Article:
Wish by Edward Floren; Inform

Order played: 1 out of 22

This was the first game I played in the IFComp of 2007. Why was this one first? Beats me. I think it was just totally random. In previous years, I’ve used the IFComp’s handy randomiser to select the games for me, but after it giving me a truly awful game for my first one several years ago, I decided to swear off it in future. So from now on, whatever game I happen to play next is entirely random. Anyway, it was a decent enough game to start with.

As far as the storyline behind the game is concerned, it’s hard to say too much about it without giving away the twist at the end. But in brief, you’re a little girl called Sarah who is desperately looking forward to her beloved grandfather coming to stay. This is mentioned often. Heavily mentioned. In fact, the game goes to such lengths to tell me what a Wonderful Super Ace Fab Guy Sarah’s grandfather is that halfway through playing it, I could quite happily have strangled him.

It’s easily possible to render the game unfinishable. Neglect to pick up a certain item earlier in the game and you’ll find yourself unable to go back for it later on. The item in question wasn’t exactly hidden or anything like that, but I don’t recall any indication being given as to why I should take it when I first came across it so I simply wrote it off as a piece of scenery and didn’t give it a second thought. This forced a restart a few times as I had neglected to save my game up to that point. Fortunately it doesn’t take long to get back to where you were before. Even allowing for several restarts, I easily finished the game well within the two hour comp deadline.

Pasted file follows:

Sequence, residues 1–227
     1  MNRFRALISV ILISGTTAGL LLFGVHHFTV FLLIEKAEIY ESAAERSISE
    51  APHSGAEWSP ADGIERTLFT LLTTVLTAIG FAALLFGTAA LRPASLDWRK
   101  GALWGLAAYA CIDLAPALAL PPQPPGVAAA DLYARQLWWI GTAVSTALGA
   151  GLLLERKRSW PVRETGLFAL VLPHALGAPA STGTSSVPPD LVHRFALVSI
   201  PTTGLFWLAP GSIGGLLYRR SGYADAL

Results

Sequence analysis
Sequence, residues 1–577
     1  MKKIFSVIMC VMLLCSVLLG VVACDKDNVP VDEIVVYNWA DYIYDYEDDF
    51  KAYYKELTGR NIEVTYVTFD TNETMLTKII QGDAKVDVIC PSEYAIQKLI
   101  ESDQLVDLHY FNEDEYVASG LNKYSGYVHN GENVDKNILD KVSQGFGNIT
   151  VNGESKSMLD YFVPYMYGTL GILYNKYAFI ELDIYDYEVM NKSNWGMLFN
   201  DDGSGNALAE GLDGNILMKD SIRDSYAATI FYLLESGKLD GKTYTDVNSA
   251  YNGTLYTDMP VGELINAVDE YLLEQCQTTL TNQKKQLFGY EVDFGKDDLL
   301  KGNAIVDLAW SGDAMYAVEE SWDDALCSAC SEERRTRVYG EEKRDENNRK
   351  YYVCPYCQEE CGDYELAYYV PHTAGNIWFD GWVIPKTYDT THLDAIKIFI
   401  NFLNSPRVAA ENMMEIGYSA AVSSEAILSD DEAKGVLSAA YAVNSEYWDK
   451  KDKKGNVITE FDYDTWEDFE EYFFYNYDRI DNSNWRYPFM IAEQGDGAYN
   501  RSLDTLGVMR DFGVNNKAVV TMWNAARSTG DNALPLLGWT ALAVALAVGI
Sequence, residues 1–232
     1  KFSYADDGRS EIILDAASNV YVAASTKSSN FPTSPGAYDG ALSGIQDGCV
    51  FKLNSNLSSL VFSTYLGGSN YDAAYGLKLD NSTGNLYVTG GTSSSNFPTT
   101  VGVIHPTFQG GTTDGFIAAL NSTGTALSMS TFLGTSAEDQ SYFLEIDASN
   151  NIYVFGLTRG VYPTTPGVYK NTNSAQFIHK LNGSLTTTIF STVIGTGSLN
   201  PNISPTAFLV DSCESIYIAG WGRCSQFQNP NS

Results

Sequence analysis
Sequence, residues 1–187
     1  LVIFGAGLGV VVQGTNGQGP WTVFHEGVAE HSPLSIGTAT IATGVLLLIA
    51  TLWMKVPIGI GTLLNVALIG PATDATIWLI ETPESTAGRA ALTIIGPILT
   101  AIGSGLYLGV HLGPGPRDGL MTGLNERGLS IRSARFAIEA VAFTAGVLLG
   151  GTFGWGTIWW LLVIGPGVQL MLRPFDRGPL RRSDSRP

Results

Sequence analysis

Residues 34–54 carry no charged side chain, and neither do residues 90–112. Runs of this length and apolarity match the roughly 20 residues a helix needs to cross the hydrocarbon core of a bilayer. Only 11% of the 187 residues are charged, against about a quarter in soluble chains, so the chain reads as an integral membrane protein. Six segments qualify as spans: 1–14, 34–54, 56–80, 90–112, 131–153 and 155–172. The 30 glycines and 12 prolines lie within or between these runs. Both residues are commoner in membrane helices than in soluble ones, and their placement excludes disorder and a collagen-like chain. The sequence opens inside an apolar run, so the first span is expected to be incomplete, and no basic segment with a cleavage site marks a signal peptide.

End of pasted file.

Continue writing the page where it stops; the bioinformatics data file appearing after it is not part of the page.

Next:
There’s a supplied walkthrough for if you happen to get stuck, though this only happened to me when I’d missed an item and put the game into an unfinishable position. The walkthrough at least indicated to me that I’d missed the item so it was certainly helpful in that respect*. But for the most part, this is a very, very easy game. Just as well really as at one point the walkthrough advised me to TALK to someone, even though the TALK command isn’t recognised. Fortunately I was able to solve that little puzzle on my own.

  • I wasted some time before consulting the walkthrough by assuming that I could either go back for the item I needed or that it wasn’t necessary and there were alternate solutions to the puzzle that didn’t require the item. Unfortunately neither of these was the case. You do need the item and if you didn’t pick it up, then the game can’t be finished.

Most of the puzzles are nice and straightforward. There are a few of the ‘find an item, give it to someone else’ variety and others that are solved merely by having the correct item in your inventory at the time. At other times, it only seems possible to ‘solve’ puzzles by waiting several moves for them to solve themselves. Whether this actually counts as solving a puzzle, I’m not sure. It’s kind of annoying, though. If I’m trying to figure out how to solve a puzzle and the game goes ahead and does it for me, it makes me question what the point of the puzzle was in the first place. Or is the point that I’m supposed to figure out the solution before the game tells me?

The only part that gave me any problems was making a kite. This was the game’s buggiest moment. When TIE CROSS TO FABRIC won’t work but TIE FABRIC TO CROSS will, it’s a problem. It also isn’t helped by the fact that to make the cross, you need to use two other items but once the cross is made, you can’t refer to either of the items again which caused me further problems because I was trying to refer to them and the game kept hitting me with error messages about it.

Still, it wasn’t a bad little game, even if I didn’t really understand most of what was going on. My guess while playing was that it was some kind of dream or even a coma (there was a game in the IFComp last year which featured a player who was in a coma) but there was no indication of this when the game had finished. Was there some connection between the events in the game and what the game itself was about that I missed? Or did the author simply string together a number of ideas at random and just assume people wouldn’t think about them too deeply? The expected explanation at the end of the game never materialised, so I guess I’ll just have to settle for not knowing.

5 out of 10